The picture above shows the original window air conditioner in the dining room north window, covered during the winter. The air conditioner sits in a frame built to support it, so that the 100+ year old window is not used to support it, as is typical of window air conditioner units hung out of windows. The air conditioner's inexpensive folding vinyl side curtains were removed and replaced with 2-inch double foil faced R16 foam panels, sealed in the frame that sits in the window opening, making it weather tight. If you're still using window air conditioners, give some thought to building a frame with foam side panels, which greatly reduces heat penetration and allows the unit to stay in the windows during the winter, if necessary.
The aluminum triple-track storm windows are still in place on all four of these north side windows, the second floor windows have been rebuilt, but work has not yet started on the first floor windows at the time this picture was taken.
Note the addition of aluminum vent panels for the attic and the knee wall above the porch ceiling, which are at both ends of the house. These areas previously had no ventilation!
The pictures below show the split-system installation work in progress... all the plumbing and wiring that goes into the house to the interior air handlers. The plumbing with its insulation wrap, compressor platforms, disconnect box, etc., ready for the exterior compressor units to be placed and connected.
Fortunately, the compressor units can be located along the north wall of the house, taking advantage of the shade 90% of the summer day, as shown above where the mounting pads have been positioned. The white window directly above the pads is where the second window air conditioner (14,000 btu) was located for cooling the first floor.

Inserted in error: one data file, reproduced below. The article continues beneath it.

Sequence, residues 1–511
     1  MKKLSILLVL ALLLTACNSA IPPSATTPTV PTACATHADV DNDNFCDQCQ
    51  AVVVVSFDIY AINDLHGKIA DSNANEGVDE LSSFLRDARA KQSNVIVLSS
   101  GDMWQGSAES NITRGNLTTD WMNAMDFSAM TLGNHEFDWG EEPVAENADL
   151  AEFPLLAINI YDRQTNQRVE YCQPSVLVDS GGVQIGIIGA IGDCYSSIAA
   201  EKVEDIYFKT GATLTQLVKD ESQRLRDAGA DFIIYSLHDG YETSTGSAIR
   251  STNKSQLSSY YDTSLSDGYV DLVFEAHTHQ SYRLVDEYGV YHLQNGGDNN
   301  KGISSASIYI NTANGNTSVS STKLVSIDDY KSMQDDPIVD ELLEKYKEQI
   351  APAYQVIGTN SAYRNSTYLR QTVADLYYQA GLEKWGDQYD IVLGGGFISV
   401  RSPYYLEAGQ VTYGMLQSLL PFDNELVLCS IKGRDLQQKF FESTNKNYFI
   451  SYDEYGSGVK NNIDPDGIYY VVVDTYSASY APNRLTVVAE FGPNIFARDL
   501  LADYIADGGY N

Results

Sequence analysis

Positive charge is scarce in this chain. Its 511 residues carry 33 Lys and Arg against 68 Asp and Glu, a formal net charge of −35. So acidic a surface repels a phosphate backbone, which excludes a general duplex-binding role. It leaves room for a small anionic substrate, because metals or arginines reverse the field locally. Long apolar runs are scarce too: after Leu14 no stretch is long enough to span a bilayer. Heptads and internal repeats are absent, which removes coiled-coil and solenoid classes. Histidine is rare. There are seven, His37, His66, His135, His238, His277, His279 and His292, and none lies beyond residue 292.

Everything in place, connected and running. The green trimmed window on the right next to the propane tank, is the last window (#20) in the house to be restored. Restoration of all the windows started in 2000 and has been ongoing since then, along with the other projects such as these new Mitsubishi ductless systems.
While the compressor units can sit much closer to the house wall (minimum 4-inches) this position is considered optimum for ideal cooling and servicing. Yes, the plumbing's ugly black foam insulation will be covered with a vinyl plastic cover, which will be painted the same color as the house. When completed, I will post additional photos, below.
Update July 7, 2010
The performance of the Mitsubishi systems have been excellent, in terms of keeping the house very cool and their very quiet operation, during our past 97+F (36+C) temps and 85% - 100% humidity days this past June and now our very hot early July temps, with very sunny days producing lots of radiant heating. I am still tinkering with their many settings inorder to determine which modes of operation are the best, given our configuration. I will post settings I've adopted, once I have enough experience with those that I am trying, along with the KW/h use that I am recording, to see what energy savings are actually being accomplished, versus our earlier window units KW/h costs.
At the moment, the 'Dry' mode, which calls for cooling inorder to maintain a humidity level of around 48% (measured), seems to be a very good setting at 'Medium' fan speed. It also maintains the temperature at 72-74F, which is not adjustable in 'Dry' mode. The removal of humidity is very rapid, compared to our earlier window units performance.
Update Sept. 29, 2010
A short report showing the cost savings of the Mitsubishi systems versus the old window air conditioners and their associated energy costs, during the months of July, August and September 2008, 2009 and 2010.
The August 30, 2010 electric bill was $94.14 and we used 216kWh less then last August (882kWh vs. 1098kWh), which was also as hot, but our window air conditioners were set at 78F, not the much cooler 72F we used this August. Excellent performance and savings, in our opinion and experience.
Update Oct. 15, 2010
(edited to address reader questions)